US5522847A (en) * 1993-06-18 1996-06-04 Kalis; Amy G. Pacifier with novelty electronic display
US5755506A (en) * 1996-10-15 1998-05-26 Ray; Eric A. Illuminated badge
US5980062A (en) * 1995-12-11 1999-11-09 Bell; Lucille M. Blinking illuminated product box
US6050695A (en) * 1998-05-01 2000-04-18 Fromm; Wayne G. Novelty jewelry
US6296364B1 (en) 1999-11-09 2001-10-02 Big Easy Beads, Llc Lighted bead necklace
US6357890B1 (en) 2000-09-01 2002-03-19 Armament Systems And Procedures, Inc. Miniature LED flashlight
US20030072151A1 (en) * 1999-08-16 2003-04-17 Galli Robert D. Miniature flashlight
US20030076674A1 (en) * 2001-10-12 2003-04-24 Robert Galli Flashlight housing with a key ring extension
US20030090899A1 (en) * 1999-08-16 2003-05-15 Galli Robert D. Miniature flashlight
US6578981B2 (en) * 1999-11-09 2003-06-17 Big Easy Beads, Llc Lighted bead necklace
US20030125110A1 (en) * 2001-12-27 2003-07-03 Lalley Timothy J. Games utilizing electronic display strips and methods of making display strips
US20030147239A1 (en) * 2002-02-01 2003-08-07 Robert Galli Dual mode switch mechanism for flashlights
US6626009B1 (en) 1998-08-14 2003-09-30 Calypso Worldwide Marketing, Inc. Reversible jewelry fastener permitting selective illumination
US20030198042A1 (en) * 2002-04-18 2003-10-23 Robert Galli Dual mode switch mechanism for flashlights
US20030202355A1 (en) * 1999-01-06 2003-10-30 Parsons Kevin L. LED flashlight with side panels inside structure
US6749317B1 (en) 1999-01-06 2004-06-15 Armament Systems And Procedures, Inc. Miniature led flashlight
US20040141321A1 (en) * 2002-11-20 2004-07-22 Color Kinetics, Incorporated Lighting and other perceivable effects for toys and other consumer products
US20040150990A1 (en) * 2002-04-18 2004-08-05 Robert Galli Dual mode switch mechanism for flashlights
US6786616B1 (en) 1999-01-06 2004-09-07 Armament Systems And Procedures, Inc. LED flashlight with switch separate from panel
US20050113081A1 (en) * 2003-11-24 2005-05-26 Tushinsky Robert J. Fashion accessory with wireless signal alerting device
US20050236998A1 (en) * 1997-08-26 2005-10-27 Color Kinetics, Inc. Light emitting diode based products
US7064498B2 (en) 1997-08-26 2006-06-20 Color Kinetics Incorporated Light-emitting diode based products
US7130664B1 (en) 2003-06-12 2006-10-31 Williams Daniel P User-based signal indicator for telecommunications device and method of remotely notifying a user of an incoming communications signal incorporating the same
US7186003B2 (en) 1997-08-26 2007-03-06 Color Kinetics Incorporated Light-emitting diode based products
US20070096132A1 (en) * 2005-11-01 2007-05-03 Jiahn-Chang Wu Coaxial LED lighting board
KR100719923B1 (en) 2005-03-10 2007-05-18 비오이 하이디스 테크놀로지 주식회사 Liquid crystal display module
US7264515B1 (en) 2005-05-10 2007-09-04 Best Blinkers, Inc. Apparatus for attaching electrically operated devices to a display panel
US20100123415A1 (en) * 2008-11-20 2010-05-20 Blazen Illuminations, Llc Emulating light emission systems
US20100238637A1 (en) * 2006-06-08 2010-09-23 Koninklijke Philips Electronics N.V. Submount for electronic components
US20120020032A1 (en) * 2010-07-20 2012-01-26 King's Metal Fiber Technologies Co., Ltd. Electric button and led button module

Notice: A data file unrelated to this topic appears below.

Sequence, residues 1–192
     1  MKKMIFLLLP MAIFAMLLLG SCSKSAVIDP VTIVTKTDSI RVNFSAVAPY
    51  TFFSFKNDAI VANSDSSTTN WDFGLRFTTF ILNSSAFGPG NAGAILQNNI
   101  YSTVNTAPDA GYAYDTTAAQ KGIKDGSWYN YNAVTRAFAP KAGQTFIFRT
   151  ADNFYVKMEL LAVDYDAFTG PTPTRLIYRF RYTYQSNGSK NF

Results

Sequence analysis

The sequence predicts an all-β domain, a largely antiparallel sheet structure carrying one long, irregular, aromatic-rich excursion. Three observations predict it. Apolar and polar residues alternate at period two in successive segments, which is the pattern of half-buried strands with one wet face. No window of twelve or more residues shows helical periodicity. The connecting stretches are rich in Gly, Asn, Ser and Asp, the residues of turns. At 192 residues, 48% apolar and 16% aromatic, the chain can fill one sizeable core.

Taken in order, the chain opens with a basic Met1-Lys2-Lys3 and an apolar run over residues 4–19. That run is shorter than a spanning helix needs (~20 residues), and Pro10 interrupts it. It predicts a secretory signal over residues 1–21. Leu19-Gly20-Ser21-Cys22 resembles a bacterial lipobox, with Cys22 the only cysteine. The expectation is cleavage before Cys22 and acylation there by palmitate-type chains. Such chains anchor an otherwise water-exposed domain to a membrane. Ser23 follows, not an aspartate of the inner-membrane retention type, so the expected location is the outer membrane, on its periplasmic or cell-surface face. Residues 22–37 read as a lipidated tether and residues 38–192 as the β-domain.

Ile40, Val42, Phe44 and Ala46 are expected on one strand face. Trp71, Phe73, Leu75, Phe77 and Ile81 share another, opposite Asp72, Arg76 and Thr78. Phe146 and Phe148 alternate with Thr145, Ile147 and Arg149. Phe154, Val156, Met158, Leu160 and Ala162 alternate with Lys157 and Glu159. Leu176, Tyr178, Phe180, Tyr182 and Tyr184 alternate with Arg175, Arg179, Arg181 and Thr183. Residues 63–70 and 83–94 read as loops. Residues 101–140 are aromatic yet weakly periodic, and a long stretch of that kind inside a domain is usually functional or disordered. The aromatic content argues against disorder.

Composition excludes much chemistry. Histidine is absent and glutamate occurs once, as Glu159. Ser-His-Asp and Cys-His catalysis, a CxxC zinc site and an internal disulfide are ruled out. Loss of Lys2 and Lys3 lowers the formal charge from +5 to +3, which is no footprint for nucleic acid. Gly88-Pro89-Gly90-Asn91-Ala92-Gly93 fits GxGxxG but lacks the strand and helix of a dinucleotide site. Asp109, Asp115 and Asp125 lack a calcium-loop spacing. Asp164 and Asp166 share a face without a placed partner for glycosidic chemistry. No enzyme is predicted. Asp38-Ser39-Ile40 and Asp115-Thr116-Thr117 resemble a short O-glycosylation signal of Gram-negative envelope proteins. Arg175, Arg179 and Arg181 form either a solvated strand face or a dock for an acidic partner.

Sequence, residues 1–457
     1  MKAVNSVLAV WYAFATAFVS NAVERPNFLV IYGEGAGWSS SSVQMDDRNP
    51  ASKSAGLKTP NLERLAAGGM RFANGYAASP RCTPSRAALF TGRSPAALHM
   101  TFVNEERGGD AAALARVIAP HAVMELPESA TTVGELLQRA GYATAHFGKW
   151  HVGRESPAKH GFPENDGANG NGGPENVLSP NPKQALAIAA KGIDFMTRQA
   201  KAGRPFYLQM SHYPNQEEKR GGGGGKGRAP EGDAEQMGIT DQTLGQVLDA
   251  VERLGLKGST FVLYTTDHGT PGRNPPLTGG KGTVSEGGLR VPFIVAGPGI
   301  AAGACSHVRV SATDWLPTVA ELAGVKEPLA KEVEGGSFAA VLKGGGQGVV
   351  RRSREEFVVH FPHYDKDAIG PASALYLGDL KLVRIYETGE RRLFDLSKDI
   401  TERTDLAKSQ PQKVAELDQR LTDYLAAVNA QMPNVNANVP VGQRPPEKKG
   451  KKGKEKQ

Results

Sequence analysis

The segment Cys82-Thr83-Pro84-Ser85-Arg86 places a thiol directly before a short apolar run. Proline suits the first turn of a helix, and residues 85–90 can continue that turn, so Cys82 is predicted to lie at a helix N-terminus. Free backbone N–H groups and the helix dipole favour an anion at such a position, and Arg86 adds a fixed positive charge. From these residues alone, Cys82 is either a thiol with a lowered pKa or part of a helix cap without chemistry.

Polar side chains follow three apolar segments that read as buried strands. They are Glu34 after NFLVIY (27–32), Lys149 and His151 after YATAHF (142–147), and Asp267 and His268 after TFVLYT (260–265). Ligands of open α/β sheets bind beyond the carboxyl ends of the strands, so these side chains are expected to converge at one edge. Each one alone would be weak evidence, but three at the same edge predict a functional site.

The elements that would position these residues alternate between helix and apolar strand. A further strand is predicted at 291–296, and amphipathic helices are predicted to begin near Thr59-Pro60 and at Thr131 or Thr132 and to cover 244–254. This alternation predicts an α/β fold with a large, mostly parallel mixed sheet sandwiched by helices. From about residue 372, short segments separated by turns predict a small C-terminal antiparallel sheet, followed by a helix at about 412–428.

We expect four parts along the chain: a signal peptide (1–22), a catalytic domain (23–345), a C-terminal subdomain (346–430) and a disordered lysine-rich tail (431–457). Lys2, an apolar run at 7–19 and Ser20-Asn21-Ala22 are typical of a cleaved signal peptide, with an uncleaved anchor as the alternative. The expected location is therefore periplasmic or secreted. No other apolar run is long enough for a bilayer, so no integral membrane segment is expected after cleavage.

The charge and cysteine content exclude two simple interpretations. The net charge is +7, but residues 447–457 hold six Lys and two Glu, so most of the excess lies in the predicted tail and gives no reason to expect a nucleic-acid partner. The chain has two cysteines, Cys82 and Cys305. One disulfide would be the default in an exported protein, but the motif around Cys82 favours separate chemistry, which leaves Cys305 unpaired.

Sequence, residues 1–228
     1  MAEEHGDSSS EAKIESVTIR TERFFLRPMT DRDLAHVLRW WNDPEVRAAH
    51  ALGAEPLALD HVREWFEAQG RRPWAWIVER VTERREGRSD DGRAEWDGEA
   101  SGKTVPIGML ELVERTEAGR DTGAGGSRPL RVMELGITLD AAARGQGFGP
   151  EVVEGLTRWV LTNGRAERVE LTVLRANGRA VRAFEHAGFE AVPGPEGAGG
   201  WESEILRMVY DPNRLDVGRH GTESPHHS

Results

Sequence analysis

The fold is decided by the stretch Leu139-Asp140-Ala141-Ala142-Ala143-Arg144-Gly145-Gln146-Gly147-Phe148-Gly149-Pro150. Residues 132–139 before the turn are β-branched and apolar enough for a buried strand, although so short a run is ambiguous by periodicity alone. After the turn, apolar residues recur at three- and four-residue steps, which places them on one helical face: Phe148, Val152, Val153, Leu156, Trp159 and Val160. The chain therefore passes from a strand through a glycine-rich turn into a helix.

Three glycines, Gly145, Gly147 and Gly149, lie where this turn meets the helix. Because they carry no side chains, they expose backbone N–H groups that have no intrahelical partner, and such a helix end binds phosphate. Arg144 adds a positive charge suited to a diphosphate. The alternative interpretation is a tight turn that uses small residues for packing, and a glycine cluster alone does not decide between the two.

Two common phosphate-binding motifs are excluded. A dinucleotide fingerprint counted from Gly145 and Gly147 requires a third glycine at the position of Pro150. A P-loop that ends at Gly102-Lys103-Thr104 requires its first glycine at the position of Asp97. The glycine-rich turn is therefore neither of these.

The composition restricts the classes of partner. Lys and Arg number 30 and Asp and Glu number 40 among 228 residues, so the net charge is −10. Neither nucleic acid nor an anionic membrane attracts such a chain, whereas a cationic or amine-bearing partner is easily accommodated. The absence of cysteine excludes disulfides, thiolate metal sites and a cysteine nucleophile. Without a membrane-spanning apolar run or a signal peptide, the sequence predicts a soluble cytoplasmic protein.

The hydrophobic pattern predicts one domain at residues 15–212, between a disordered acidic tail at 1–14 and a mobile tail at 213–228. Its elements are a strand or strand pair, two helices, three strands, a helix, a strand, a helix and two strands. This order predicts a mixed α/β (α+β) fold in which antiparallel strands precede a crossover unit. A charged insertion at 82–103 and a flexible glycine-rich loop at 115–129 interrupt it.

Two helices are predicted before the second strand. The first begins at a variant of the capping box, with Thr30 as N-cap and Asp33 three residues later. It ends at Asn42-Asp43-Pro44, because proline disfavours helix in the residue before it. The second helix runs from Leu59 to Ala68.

US20120063126A1 (en) * 2009-04-22 2012-03-15 Karl-Otto Nickel Pendant having an individualizing element
US9924767B2 (en) * 2016-01-08 2018-03-27 SeaStar Global Illuminated wearable device

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US3384740A (en) * 1965-09-24 1968-05-21 Robert E. Wood Jewelry including means causing intermittent illumination
US3805047A (en) * 1972-07-06 1974-04-16 R Dockstader Flashing jewel pendant
US3866035A (en) * 1973-10-01 1975-02-11 Avco Corp Costume jewelry with light-emitting diode

Patent Citations (3)

* Cited by examiner, † Cited by third party
Publication number Priority date Publication date Assignee Title
US3384740A (en) * 1965-09-24 1968-05-21 Robert E. Wood Jewelry including means causing intermittent illumination
US3805047A (en) * 1972-07-06 1974-04-16 R Dockstader Flashing jewel pendant
US3866035A (en) * 1973-10-01 1975-02-11 Avco Corp Costume jewelry with light-emitting diode

Cited By (79)

* Cited by examiner, † Cited by third party
Publication number Priority date Publication date Assignee Title
US4170036A (en) * 1978-08-07 1979-10-02 Howard Sussel Article of jewelry with flashing diode
US4254451A (en) * 1978-10-27 1981-03-03 Cochran James A Jun Sequential flashing device for personal ornamentation
US4459645A (en) * 1981-11-30 1984-07-10 Howard Glatter Illuminating earring with coaxial conductor arrangement
US4408261A (en) * 1982-01-18 1983-10-04 Frank Polakoff Battery operated charm light
FR2538587A1 (en) * 1982-12-27 1984-06-29 Thijssen Loic Maria Light device for highlighting the name of an individual, a brand or company, using any garment as publicity medium
FR2585451A1 (en) * 1985-07-23 1987-01-30 Jakobovic Kruno Decorative article including at least one light-emitting member
US5010665A (en) * 1986-04-03 1991-04-30 Cornell Clinkscales Modular electronic badge
FR2612670A1 (en) * 1987-03-16 1988-09-23 Griffon Andre bright electronic device improves security of
EP0286479A1 (en) * 1987-03-16 1988-10-12 André Griffon Luminous security signalling device such as an armlet